Violence in the Central African Republic
Escalation of sectarian violence in the Central African Republic between the Seleka rebels and "anti-balaka" militias, possibly resulting in mass atrocities
Since the outbreak of violence in 2013, around 6,000 people have been killed and a quarter of the population has been displaced, with more than four hundred thousand refugees and three hundred thousand internally displaced persons. Although mediation efforts supported by the Economic Community of Central African States (ECCAS) resulted in the signing of the Brazzaville Ceasefire Agreement in July 2014, parties on all sides of the conflict have violated the accord. Most recently, the transitional government held an inclusive national forum in May 2015 to discuss upcoming elections and disarmament, demobilization, and reintegration, as well as decentralization and judicial reform. These developments are a step in the right direction but prospects for a successful political transition remain grim: weak government perpetuates the collapse of law and order and violence continues.
Following decades of violence and instability since gaining independence, an insurgency in the Central African Republic (CAR) led by the Seleka (or “alliance”)—a coalition of armed, primarily Muslim groups—has resulted in the severe deterioration of the country’s security infrastructure and heightened ethnic tensions. Seleka fighters launched an offensive against the CAR government in December 2012, seizing the capital city of Bangui and staging a coup in March 2013. In response to brutality by Seleka forces, “anti-balaka” coalitions of Christian fighters formed to carry out reprisal violence against Seleka fighters, adding a religious element to the violence that had previously been absent.
In September 2013, anti-balaka forces began committing widespread revenge attacks against civilians, mostly Muslims, displacing tens of thousands of people to Seleka-controlled areas in the north. Seleka forces were disbanded by the government shortly after revenge attacks began, but many ex-Seleka members started committing counter-attacks, causing CAR to plunge into a chaotic state of violence and ensuing humanitarian crisis.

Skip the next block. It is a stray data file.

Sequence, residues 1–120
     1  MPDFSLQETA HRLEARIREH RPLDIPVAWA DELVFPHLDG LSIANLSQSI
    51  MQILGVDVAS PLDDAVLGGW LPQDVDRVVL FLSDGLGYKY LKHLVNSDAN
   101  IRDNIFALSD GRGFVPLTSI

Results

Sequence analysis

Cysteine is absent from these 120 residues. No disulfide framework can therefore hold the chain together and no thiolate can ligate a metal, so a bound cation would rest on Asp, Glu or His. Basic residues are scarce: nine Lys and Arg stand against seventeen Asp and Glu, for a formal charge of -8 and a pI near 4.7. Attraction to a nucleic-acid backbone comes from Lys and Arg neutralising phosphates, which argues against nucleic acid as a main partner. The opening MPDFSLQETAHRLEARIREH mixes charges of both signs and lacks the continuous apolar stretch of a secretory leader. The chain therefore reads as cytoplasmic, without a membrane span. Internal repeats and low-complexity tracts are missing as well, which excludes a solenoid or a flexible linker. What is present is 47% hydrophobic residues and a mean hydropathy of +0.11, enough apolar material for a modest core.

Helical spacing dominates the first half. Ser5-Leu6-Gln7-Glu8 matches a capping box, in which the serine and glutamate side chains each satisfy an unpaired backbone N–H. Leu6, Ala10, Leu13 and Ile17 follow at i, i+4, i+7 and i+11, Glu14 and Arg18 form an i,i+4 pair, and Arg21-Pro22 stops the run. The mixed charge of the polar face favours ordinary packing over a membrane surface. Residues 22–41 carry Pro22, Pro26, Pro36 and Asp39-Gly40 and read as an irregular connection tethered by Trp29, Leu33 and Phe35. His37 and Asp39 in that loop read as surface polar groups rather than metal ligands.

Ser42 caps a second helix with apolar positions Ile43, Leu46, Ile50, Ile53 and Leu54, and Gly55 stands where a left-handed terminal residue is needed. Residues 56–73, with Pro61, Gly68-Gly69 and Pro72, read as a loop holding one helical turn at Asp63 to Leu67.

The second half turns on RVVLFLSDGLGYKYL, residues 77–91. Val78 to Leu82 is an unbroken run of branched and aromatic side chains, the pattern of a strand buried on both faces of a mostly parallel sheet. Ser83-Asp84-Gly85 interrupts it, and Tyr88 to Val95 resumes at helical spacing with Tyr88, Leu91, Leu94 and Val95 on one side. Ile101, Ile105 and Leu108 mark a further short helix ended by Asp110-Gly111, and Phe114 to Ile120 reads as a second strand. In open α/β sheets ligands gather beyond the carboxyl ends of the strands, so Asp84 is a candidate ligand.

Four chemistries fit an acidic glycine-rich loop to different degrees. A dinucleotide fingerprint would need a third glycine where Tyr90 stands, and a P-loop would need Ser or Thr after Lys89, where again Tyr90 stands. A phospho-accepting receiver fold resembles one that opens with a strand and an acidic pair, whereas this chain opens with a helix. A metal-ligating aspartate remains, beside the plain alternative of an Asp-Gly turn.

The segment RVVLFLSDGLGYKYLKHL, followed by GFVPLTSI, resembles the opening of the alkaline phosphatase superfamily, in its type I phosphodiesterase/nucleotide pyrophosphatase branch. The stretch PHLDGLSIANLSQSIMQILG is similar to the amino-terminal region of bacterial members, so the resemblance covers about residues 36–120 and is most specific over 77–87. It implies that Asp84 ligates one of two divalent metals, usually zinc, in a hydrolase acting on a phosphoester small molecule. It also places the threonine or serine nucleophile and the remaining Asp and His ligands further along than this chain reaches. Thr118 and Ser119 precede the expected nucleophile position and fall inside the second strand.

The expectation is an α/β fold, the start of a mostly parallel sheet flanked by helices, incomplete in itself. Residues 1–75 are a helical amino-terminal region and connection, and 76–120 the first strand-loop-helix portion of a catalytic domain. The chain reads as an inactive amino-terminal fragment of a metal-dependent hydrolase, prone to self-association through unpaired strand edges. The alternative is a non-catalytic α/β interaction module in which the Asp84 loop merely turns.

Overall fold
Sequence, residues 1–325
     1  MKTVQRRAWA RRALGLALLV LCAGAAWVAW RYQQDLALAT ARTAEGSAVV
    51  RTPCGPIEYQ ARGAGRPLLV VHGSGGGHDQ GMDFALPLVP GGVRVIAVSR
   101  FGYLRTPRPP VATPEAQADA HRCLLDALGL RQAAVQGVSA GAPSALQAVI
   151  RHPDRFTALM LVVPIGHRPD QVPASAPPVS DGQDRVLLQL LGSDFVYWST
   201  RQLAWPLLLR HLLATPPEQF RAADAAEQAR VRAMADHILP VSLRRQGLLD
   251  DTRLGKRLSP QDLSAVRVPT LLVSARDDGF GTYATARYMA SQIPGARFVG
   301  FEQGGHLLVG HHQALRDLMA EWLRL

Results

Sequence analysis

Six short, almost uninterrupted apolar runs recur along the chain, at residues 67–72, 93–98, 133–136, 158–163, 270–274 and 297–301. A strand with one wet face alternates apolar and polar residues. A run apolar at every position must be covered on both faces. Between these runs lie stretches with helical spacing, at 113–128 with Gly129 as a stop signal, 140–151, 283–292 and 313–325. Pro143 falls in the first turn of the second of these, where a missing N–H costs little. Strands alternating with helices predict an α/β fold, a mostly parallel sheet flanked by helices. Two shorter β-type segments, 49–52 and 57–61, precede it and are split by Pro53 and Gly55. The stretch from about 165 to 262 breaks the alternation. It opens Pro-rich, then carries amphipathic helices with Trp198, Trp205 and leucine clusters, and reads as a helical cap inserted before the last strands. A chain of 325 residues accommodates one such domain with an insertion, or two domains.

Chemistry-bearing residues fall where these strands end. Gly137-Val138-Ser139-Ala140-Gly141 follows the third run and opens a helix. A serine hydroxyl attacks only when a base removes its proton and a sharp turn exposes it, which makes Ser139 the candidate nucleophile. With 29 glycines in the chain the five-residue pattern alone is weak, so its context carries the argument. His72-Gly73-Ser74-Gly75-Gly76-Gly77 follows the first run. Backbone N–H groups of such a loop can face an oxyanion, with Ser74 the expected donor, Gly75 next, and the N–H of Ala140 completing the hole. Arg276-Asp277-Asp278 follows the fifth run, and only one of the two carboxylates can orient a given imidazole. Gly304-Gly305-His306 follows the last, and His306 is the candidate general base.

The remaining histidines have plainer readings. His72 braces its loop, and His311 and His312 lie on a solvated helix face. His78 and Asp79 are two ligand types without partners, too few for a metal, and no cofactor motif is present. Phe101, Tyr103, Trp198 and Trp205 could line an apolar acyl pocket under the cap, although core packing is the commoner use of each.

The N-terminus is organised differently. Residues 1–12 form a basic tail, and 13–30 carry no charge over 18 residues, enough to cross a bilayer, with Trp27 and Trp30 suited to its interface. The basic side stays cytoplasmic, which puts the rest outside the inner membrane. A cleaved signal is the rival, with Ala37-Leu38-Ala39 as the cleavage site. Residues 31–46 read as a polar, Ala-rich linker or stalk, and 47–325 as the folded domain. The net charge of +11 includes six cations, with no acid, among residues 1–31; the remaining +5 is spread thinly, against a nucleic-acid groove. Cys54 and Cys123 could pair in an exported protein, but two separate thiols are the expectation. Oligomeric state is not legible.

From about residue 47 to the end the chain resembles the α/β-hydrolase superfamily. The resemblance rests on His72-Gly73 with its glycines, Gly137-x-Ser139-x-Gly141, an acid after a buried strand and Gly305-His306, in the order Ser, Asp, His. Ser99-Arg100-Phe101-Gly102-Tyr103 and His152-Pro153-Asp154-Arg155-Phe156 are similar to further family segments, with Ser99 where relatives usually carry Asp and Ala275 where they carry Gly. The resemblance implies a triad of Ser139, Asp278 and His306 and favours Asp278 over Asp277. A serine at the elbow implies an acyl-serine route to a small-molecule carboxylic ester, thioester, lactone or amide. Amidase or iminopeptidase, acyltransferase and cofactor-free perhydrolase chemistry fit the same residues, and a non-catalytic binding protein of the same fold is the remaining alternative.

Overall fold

Reports by human rights groups and UN agencies suggest that crimes committed by both ex-Seleka forces and anti-balaka groups amount to war crimes and crimes against humanity. Additionally, anti-balaka groups have deliberately and systematically targeted Muslims. Intra-Seleka fighting and involvement by foreign fighers from Chad and Sudan have also escalated the fighting.
Due to the scale of the crisis and challenges facing international forces previously authorized by the Security Council, including an AU mission and a French force, the UN Security Council in April 2014 established a peacekeeping force. The United Nations Multidimensional Integrated Stabilization Mission in the Central African Republic (MINUSCA) was established with a mandate that included a strength of ten thousand troops and a priority to protect civilians.
The United States has long supported economic growth, strengthening the rule of law, and political stability in CAR, and it remains concerned about the high level of violence and worsening humanitarian crisis. Further deterioration of the security environment will increase sectarian violence and continue to destabilize the region, posing challenges to ending the conflicts in neighboring South Sudan and Democratic Republic of Congo.
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